Two groups to partner for second trout movement study

A transmitter is surgically implanted by Dr. Uma Ramakrishnan in a wild brown trout. This year's transmitters will be half this size and less likely to be expelled.
A transmitter is surgically implanted by Dr. Uma Ramakrishnan in a wild brown trout. This year's transmitters will be half this size and less likely to be expelled. For the CDT

Juniata College and the Little Juniata River Association are set to embark on their second wild trout movement study on the Little Juniata River. Forty trout will be fitted with transmitters to allow researchers to follow their movement through this summer and fall. Depending on river conditions, the start date will be late May or early June.

Both groups learned a lot from their 2015-16 study — and, this time, they want to do it better. According to the researchers, several problems plagued the first study. With hindsight and additional supportive research, they hope to circumvent those issues this time around.

“We just were not ready for the mass movement that occurred with trout beginning in mid-August,” said Dennis Johnson, professor of environmental science and information technology at Juniata College in Huntingdon.”We plan to conduct daily monitoring this summer and hopefully track the trout as they start to move.”

The Little Juniata has 36 miles of main river that flows through Blair and Huntingdon counties, and another 540 miles of tributary streams. That makes for a lot of places for trout to navigate — and for a lot of potential problems to arise.

Tyrone was one of the three sites used last year, but Johnson said that electrical interference there posed a problem for him and the students attempting to monitor movement.

“This time, we are using only two sites — one on the upper river at Bellwood and Barree on the lower river,” Johnson said. “It is the upper river that gets the highest summer water temperatures.”

Another issue stemmed from a few transmitters that just showed up in the river or on the stream bank sans fish. At the time, Johnson suspected predators or anglers. A follow-up experiment conducted in conjunction with the Pennsylvania Fish and Boat Commission at their Benner Spring Research Station demonstrated that some trout could actually expel the transmitters right through the sides of their bodies. A second Benner Spring study showed that trout would be less likely to expel a smaller, lighter-weight transmitter.

“We will use slightly larger trout and smaller transmitters this year,” Johnson said. “The transmitters weigh just a little more than half as much as the transmitters used in 2015 — only 2.6 grams, compared to the larger 4.3-gram transmitters used in the first study.

“Each transmitter gives off a unique frequency. The only drawbacks are that the smaller units have a shorter battery life and are less powerful. Transmission intervals will be adjusted to ensure that the batteries will last through the fall spawning season.”

Juniata College biologist Uma Ramakrishnan and her team will surgically implant the small transmitters in 40 wild brown trout that are a minimum of 14 inches long. In 2015, there were zero mortalities as a result of the surgeries, and Ramakrishnan hopes for the same success this spring.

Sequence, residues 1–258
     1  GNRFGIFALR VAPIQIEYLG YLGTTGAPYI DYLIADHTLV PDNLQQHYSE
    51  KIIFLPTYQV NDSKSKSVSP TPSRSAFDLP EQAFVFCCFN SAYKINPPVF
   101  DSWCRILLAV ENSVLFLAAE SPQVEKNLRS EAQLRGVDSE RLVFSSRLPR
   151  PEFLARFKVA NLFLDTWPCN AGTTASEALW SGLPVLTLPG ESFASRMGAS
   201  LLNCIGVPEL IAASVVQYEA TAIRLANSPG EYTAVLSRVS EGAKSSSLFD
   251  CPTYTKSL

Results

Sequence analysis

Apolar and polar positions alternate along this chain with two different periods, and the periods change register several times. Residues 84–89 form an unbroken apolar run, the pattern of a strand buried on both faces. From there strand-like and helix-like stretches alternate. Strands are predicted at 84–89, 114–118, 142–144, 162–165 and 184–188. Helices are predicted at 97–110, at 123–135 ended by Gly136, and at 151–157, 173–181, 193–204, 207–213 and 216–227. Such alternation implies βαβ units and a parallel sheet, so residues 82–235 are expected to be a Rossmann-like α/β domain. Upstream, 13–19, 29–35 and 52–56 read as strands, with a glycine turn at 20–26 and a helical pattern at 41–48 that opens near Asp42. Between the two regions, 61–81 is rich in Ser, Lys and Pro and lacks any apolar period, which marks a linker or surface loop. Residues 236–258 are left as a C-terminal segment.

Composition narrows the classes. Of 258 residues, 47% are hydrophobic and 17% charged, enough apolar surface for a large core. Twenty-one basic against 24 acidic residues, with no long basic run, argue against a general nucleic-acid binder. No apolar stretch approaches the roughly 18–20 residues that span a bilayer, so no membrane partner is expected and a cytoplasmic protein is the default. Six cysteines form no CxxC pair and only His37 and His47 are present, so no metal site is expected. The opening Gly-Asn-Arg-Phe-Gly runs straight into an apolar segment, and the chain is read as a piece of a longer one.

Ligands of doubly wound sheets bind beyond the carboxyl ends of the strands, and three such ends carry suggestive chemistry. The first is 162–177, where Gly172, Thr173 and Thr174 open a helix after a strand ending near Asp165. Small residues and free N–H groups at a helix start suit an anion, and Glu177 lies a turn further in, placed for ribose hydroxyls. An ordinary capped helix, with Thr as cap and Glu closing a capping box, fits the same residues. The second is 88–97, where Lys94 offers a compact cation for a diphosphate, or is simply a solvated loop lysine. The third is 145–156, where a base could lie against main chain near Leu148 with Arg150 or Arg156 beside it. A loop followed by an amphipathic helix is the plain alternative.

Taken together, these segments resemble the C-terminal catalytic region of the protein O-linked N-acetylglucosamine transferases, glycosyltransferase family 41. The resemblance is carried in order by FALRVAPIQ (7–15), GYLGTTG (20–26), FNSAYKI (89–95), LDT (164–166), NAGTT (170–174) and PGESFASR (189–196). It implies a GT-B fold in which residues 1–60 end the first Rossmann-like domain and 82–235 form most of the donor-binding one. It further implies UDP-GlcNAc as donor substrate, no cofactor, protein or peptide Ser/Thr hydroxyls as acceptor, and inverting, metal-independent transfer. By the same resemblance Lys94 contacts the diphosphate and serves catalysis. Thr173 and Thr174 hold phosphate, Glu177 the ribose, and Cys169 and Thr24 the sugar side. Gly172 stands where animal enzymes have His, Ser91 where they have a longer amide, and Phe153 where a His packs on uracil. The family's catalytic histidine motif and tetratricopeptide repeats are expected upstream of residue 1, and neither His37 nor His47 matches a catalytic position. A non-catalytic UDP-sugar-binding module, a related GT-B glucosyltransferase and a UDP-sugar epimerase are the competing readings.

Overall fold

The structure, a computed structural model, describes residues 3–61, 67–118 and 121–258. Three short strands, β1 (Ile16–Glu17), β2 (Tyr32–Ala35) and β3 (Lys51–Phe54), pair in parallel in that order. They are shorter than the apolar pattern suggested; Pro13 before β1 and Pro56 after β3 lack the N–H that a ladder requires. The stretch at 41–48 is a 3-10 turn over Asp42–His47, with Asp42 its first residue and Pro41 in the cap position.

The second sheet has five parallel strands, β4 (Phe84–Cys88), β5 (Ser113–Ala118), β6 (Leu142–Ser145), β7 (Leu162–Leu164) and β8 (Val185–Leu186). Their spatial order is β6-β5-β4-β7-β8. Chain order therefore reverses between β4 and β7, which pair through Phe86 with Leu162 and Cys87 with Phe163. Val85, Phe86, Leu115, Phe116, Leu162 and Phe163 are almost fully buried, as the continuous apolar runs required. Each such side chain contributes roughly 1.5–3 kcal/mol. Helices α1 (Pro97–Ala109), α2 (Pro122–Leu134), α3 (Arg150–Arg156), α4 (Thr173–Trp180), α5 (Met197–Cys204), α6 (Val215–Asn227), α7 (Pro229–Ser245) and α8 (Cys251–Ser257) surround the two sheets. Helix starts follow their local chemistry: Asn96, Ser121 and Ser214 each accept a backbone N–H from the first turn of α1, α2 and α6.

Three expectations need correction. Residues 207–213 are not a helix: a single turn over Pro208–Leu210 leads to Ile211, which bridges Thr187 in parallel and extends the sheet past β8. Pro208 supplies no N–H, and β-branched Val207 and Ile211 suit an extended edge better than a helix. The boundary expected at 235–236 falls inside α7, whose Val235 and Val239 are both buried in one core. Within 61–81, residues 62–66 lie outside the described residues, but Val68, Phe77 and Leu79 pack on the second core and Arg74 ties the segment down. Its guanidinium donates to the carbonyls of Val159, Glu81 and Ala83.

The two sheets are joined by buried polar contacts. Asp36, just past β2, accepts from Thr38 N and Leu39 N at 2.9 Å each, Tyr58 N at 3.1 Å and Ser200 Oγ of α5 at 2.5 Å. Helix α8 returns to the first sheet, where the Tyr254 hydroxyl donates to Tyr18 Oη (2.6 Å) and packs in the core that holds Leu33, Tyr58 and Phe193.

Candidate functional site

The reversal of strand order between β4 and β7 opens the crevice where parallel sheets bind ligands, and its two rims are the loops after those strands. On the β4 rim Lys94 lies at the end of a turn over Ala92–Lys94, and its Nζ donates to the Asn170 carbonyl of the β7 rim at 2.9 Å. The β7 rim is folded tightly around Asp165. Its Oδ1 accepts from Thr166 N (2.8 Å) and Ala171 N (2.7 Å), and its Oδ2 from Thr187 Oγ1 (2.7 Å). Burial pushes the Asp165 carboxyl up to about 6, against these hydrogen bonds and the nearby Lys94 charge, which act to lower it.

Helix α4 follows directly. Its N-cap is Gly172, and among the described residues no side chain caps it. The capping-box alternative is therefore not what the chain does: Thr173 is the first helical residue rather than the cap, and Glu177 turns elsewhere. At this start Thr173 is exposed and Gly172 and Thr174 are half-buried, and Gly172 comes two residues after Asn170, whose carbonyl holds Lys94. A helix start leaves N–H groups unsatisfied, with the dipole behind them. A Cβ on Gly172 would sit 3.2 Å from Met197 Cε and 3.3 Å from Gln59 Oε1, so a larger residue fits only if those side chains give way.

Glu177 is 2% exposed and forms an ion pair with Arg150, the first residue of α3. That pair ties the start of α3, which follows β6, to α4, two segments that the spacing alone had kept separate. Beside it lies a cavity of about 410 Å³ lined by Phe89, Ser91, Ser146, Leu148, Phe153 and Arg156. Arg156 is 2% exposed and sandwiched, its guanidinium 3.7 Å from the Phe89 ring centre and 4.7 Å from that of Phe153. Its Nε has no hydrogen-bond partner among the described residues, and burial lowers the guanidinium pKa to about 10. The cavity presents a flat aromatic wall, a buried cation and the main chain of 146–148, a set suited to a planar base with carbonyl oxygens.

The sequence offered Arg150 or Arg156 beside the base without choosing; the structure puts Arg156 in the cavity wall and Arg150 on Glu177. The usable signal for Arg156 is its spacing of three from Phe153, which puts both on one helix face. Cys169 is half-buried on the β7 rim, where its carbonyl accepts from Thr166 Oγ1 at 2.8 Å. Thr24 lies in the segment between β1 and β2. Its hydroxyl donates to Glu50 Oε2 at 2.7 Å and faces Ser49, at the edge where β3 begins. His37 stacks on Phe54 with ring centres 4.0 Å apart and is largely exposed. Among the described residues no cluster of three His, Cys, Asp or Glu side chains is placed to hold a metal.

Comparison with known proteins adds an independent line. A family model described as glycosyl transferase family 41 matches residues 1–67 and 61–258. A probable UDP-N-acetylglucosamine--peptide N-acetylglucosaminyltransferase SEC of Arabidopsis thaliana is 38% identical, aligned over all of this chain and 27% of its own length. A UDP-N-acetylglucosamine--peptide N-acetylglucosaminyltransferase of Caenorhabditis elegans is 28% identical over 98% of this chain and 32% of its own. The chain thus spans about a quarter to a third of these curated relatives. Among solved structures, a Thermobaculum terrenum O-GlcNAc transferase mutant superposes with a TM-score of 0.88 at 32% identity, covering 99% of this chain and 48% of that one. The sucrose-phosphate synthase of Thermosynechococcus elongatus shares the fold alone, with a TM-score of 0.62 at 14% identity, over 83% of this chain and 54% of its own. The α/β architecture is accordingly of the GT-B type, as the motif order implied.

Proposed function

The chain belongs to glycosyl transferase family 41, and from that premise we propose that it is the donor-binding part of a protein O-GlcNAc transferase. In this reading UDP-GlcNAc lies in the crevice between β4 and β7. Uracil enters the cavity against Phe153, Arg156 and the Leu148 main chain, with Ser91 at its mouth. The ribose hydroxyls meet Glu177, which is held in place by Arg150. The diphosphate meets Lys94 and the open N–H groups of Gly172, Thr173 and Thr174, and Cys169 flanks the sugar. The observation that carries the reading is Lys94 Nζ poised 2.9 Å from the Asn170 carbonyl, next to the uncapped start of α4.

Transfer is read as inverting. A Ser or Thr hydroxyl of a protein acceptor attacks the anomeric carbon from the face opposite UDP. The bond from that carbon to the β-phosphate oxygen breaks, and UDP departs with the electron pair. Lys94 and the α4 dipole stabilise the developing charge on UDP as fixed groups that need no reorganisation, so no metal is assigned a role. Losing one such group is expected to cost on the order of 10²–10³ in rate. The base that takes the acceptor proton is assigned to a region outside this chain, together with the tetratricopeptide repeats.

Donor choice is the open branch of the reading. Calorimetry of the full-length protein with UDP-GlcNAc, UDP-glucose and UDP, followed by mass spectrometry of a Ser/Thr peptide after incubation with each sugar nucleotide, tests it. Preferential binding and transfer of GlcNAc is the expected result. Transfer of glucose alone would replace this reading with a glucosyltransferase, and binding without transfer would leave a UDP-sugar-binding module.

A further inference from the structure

“It takes 3-5 minutes for the anesthesia to work, then 2-4 minutes for the surgery and then about 10 minutes for the trout to begin to recover,” Ramakrishnan said. “After that, we observe each trout for about two hours before releasing it back into the river.”

Little Juniata River Association president Bill Anderson was disappointed that the first study did not answer their original question — where do trout go when water temperatures reach lethal levels?

“We had a cool summer in 2015, and that was good for the trout, but it didn’t provide the type of thermal stress that happens most summers,” Anderson stated. “We want to learn how the trout on the upper river survive when the water temperatures reach near 80 degrees.

“In the 2015 study, we learned that the trout use much more of the river than we thought,” Anderson stated. “Big trout move more than smaller trout, and most trout movement is associated with high water events. We also saw that trout moved in response to turbidity (mud in the water).”

This second study, like the first, is truly a collaborative project. According to Anderson, the Little Juniata River Association purchased the 40 transmitters for $7,000, and its members will help to capture trout. Juniata College will handle the surgeries to implant the transmitters and monitoring of the trout as they move in the river. A new partner this year will be the Pennsylvania Fish and Boat Commission.

“The last time anglers caught all of the trout for the study, but the catching was spread out over three months,” Anderson said. “This time, Commission southcentral regional biologist Kris Kuhn will be electro-shocking the river so that we can get all 40 study trout in a shorter amount of time. Anglers will help, too, which gives them a sense of ownership in the study.”

Considering the transmitter expense and the time invested, the researchers ask that any angler catching a trout trailing a silver antenna to please return it to the river. With favorable river conditions, tagged trout will be transmitting their locations to the researchers by June 1.

Mark Nale, who lives in the Bald Eagle Valley, is a member of the Pennsylvania Outdoor Writers Association and can be reached at MarkAngler@aol.com